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Plan Your Visit

Spot 7Guam National Wildlife Refuge hosts a unique and fragile blend of native plants and animals found nowhere else in the world. It stands as a special place and source of pride for all. Here at GNWR, the U.S. Fish and Wildlife Service works with others to conserve and restore the precious resources of both land and sea. Guam’s native wildlife flourish in the native limestone and coastal forests, and sea creatures are bountiful in the tropical blue waters. Visitors seek out the beauty and tranquility provided and enjoy seeing and learning about wildlife. The refuge is a vital link between Guam’s cultural and natural heritage, a vibrant reminder of the place nature holds in all our lives and a treasure for future generations. 

The Refuge is located 18 miles northwest of the capital city of Hagåtña, on the northernmost tip of Guam.

Hours of Operation:

The Refuge is open daily from 7:30 am to 4:00 pm, with closures on all major federal holidays. Please ensure that your vehicle exits a few minutes prior to closing time to prevent being temporarily locked in, as the gates close at exactly 4:00 pm. See the Hours of Operation section of the Home page for more information on potential closures. 

Refuge Highlights:

  • Our Scenic Overlook, located on route 3A prior to the refuge entrance, offers unrivaled views overlooking the refuge and beyond. On a clear day the neighboring island of Rota (Luta) may be visible just off in the distance.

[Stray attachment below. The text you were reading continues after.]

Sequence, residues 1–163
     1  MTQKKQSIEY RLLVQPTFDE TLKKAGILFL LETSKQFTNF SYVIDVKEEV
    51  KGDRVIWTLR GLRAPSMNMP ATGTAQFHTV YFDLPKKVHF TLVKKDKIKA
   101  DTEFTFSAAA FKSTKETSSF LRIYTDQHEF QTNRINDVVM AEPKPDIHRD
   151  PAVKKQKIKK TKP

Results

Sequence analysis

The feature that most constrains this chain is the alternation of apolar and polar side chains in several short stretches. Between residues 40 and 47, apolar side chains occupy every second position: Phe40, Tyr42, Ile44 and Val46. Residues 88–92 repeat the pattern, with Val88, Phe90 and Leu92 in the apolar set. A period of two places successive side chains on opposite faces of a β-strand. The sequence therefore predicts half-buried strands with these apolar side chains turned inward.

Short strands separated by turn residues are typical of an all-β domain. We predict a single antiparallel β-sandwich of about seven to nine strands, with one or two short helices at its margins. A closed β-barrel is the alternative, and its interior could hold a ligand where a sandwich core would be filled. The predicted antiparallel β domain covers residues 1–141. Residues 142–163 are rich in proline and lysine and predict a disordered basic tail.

• The Nature Center features interpretive murals depicting Guam’s natural environment before European contact 500+ years ago. 
  • Visitors can explore 2 miles of trails through the majestic jungle and historic coconut grove, along which they can see a Spanish stone well, latte stones, a historic burial site, and the site of the historic Spanish church, Casa Real. 
  • Ritidian’s beautiful white-sand beach invites visitors to relax and enjoy its crystal clear waters. 
  • Visitors can participate in forest and cave tours to view pictographs, ancient pottery pieces and latte stones, a symbol of the Native Chamorro (Chamoru) people. 

Driving Directions:

From Tumon or Hagåtña, drive north on Marine Corps Drive (Route 1) for approximately 2~6 miles to Route 3 (uuu). Continue on Route 3 (uuu) for 6 miles to Potts Junction (Route 3A). Turn left on Route 3A and continue another 6 miles to the Refuge. 

From Yigo, take Route 1 north to Route 9. Follow Route 9 for 3 miles to Potts Junction (Route 3A). Turn right on Route 3A and continue 6 miles to the Refuge. All visitors are required to drive down into one of the designated parking areas. Buses are not permitted without prior permission.

Parking:

The Refuge provides parking in three main locations. Paved parking, including parking for disabled visitors (vehicle placard required), is available at the Nature Center parking lot. Additional gravel parking areas include the Beach Parking Area and individual parking spots located along the Beach Road.

Entrance Fee:

Entrance is free of charge.

Amenities:

Porta potties are located behind the Nature Center and along the Beach Road. The Refuge is on a Rainwater Catchment System; therefore running water is not currently available. However, a water refilling station for refillable water bottles is available at the Nature Center. In addition, there are no food or trash services available, so it is recommended that you bring your own food as well as extra bags to take your trash with you. 

Restrictions:

Pets and firearms are prohibited. For other restrictions, please visit our Rules and Regulations page. 

Last Updated: Jul 20, 2016
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